• Irrespective of whether it is a cloud business or a web business or, even, a traditional brick and motor business, training the customer service representative properly is imperative. Especially, when a company is venturing into a new kind of business, they have to go an extra distance to educate the customer service representatives properly about their offerings. Already consumers are confused about new technologies due to confusing levels of information from the media and if the customer service is going to mislead them further, it doesn’t augur well for their business.

I am glad more and more companies are jumping in to offer services tapping the advantages of cloud (I am using the term cloud a bit loosely here) but it is also important that they do it right and not confuse the consumers.

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Krishnan Subramanian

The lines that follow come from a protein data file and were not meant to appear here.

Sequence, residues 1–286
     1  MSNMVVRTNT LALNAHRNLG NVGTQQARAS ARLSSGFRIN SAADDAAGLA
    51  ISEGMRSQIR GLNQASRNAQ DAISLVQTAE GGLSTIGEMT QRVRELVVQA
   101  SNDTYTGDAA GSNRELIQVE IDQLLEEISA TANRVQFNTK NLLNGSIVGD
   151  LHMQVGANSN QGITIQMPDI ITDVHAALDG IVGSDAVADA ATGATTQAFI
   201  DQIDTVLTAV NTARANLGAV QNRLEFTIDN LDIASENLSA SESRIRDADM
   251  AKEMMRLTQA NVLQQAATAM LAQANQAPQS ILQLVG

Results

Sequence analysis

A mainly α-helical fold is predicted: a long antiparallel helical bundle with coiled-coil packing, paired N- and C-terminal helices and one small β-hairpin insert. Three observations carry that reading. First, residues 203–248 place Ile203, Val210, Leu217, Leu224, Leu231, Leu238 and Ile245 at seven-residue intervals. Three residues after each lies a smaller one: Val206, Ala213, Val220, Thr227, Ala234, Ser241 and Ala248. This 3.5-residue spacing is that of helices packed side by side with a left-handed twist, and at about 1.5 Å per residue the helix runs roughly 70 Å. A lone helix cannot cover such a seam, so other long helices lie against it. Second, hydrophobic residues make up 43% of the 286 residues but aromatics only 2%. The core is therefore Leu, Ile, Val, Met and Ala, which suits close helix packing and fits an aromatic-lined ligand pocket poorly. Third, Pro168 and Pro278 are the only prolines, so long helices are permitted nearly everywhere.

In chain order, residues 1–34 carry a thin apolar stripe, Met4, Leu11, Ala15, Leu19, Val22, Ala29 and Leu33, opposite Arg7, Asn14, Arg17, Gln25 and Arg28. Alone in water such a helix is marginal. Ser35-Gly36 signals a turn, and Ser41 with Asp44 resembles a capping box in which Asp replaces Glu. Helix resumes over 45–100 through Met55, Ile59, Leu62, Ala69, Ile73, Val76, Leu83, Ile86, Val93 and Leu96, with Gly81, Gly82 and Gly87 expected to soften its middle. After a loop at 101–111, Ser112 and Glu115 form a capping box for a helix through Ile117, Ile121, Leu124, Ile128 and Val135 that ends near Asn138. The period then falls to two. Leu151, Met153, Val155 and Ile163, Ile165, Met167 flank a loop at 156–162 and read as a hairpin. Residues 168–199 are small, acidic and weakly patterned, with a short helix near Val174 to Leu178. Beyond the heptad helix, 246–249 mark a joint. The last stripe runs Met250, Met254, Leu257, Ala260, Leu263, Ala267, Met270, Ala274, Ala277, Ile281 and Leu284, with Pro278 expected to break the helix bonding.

Krish dons several avatars including entrepreneur in exile, analyst cum researcher, technology evangelist, blogger, ex-physicist, social/political commentator, etc.. My main focus is research and analysis on various high impact topics in the fields of Open Source, Cloud Computing and the interface between them. I also evangelize Open Source and Cloud Computing in various media outlets, blogs and other public forums. I offer strategic advise to both Cloud Computing and Open Source providers and, also, help other companies take advantage of Open Source and Cloud Computing. In my opinion, Open Source commoditized software and Cloud Computing commoditized computing resources. A combination of these two developments offers a strong competitive advantage to companies of all sizes and shapes. Due to various factors, including fear, the adoption of both Open Source and Cloud Computing are relatively slow in the business sector. So, I take it upon myself to clear any confusion in this regard and educate, enrich and advise users/customers to take advantage of the benefits offered by these technologies. I am also a managing partner in two consulting companies based in India. I blog about Open Source topics at http://open.krishworld.com and Cloud Computing related topics at http://www.cloudave.com.